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Southern Historical Society Papers, Volume 11. (ed. Reverend J. William Jones) 93 3 Browse Search
Southern Historical Society Papers, Volume 10. (ed. Reverend J. William Jones) 27 1 Browse Search
Brig.-Gen. Bradley T. Johnson, Confederate Military History, a library of Confederate States Military History: Volume 2.1, Maryland (ed. Clement Anselm Evans) 4 0 Browse Search
Southern Historical Society Papers, Volume 3. (ed. Reverend J. William Jones) 3 1 Browse Search
Comte de Paris, History of the Civil War in America. Vol. 4. (ed. Henry Coppee , LL.D.) 3 1 Browse Search
Robert Underwood Johnson, Clarence Clough Buell, Battles and Leaders of the Civil War. Volume 3. 2 2 Browse Search
Joseph T. Derry , A. M. , Author of School History of the United States; Story of the Confederate War, etc., Confederate Military History, a library of Confederate States Military History: Volume 6, Georgia (ed. Clement Anselm Evans) 1 1 Browse Search
Southern Historical Society Papers, Volume 12. (ed. Reverend J. William Jones) 1 1 Browse Search
Southern Historical Society Papers, Volume 22. (ed. Reverend J. William Jones) 1 1 Browse Search
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Browsing named entities in Southern Historical Society Papers, Volume 10. (ed. Reverend J. William Jones). You can also browse the collection for John B. Rowan or search for John B. Rowan in all documents.

Your search returned 14 results in 3 document sections:

Southern Historical Society Papers, Volume 10. (ed. Reverend J. William Jones), Sketch of the Third Battery of Maryland Artillery. (search)
y B. Latrobe, eldest son of John H. B. Latrobe, of Baltimore, together with John B. Rowan, William T. Patten, William L. Ritter, and other Marylanders, then at Richmnant, Ferdinand O. Claiborne, of New Orleans, La.; Junior First Lieutenant, John B. Rowan, of Elkton, Cecil county, Md.; Second Lieutenant, William T. Patten, of Pord Tennessee, and two guns of the Third Maryland, under Captain Latrobe and Lieutenant Rowan--the whole commanded by Brigadier-General Leadbetter--made an expedition tg, where they surprised and captured twenty-one bushwhackers. Meanwhile Lieutenant Rowan had been ordered to repair to Knoxville, to command the detachment left throbe himself returned, leaving Serjeant Ritter in command of the section. Lieutenant Rowan presently came back, with orders to proceed immediately to Lenoir Station, the retreat, Reynolds's brigade closed the Confederate rear. While at Knoxville a court martial was convened, of which Lieutenant Rowan served as judge advocate.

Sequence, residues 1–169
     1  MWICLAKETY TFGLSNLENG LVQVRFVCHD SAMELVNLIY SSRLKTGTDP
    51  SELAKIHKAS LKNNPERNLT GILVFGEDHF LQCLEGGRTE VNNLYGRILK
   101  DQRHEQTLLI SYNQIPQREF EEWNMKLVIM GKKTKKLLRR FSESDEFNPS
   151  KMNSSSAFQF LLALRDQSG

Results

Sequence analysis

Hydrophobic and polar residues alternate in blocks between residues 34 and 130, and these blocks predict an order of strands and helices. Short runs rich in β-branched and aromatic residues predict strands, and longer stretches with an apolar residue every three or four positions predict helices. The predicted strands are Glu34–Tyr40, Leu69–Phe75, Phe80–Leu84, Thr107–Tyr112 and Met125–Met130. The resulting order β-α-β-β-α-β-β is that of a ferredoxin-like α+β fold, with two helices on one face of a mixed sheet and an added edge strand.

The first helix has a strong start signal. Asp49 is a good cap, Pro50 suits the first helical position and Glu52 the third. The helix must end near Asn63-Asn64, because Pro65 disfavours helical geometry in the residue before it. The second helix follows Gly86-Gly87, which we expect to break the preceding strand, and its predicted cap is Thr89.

Southern Historical Society Papers, Volume 10. (ed. Reverend J. William Jones), Sketch of the Third Battery of Maryland Artillery. (search)
ew miles down the river. Two days later one section, under Sergeant Langley, was sent down the river on secret service, on the steamer Archer. At this time Lieutenants Rowan and Patten, who had accompanied the wagon train overland, had not yet arrived with the horses belonging to the battery, and Captain Latrobe and Lieutenant Ert up the Mississippi to General Farguson's command on Deer Creek. Thus the battery was divided into three parts, scattered up and down the river. Meanwhile Lieutenants Rowan and Patten having rejoined the battery with the horses, it was now again ready for the field. The guns at Warrenton were at this time placed under the commansacola, and afterward in Virginia. In September, 1861, he was transferred to the Third Maryland. His wound was through the heart and he died instantly. Lieutenant Rowan was promoted to the Captaincy, on the 30th of June, and Lieutenant Ritter was made First Lieutenant, Lieutenant Giles Senior Second Lieutenant, and Sergeant
Southern Historical Society Papers, Volume 10. (ed. Reverend J. William Jones), Sketch of Third Battery of Maryland Artillery. (search)
h the whole transaction, in the shape of a letter from Lieutenant William T. Patten, to Lieutenant John B. Rowan, of the Third Maryland artillery. on board C. S. Ram, Queen of the West, Alexandria, La., March, 3d, 1863. Dear Rowan,--The evening I left you we proceeded down the river. When we came to the Indianola she was still burning, having been fired by the officer in charge, on discoverien: on board C. S. Steam ram, Queen of the West, Alexandria, La., March 9th, 1863. Dear Rowan,--I wrote you a short letter on my arrival here last Tuesday, and now on the eve of my departurelonger letter. This is such a bad pen. I am horrified at my own writing. It would disgrace John B. Rowan or Ferd. Claiborne. Remember me to Ritter, Claiborne, Franklin, Tinley, Halbrook, and all fth of March another letter was received from Lieutenant Patten, which was the last he wrote Lieutenant Rowan. The combat at Jackson. Johnston's army reached Jackson on the night of the 7th of Ju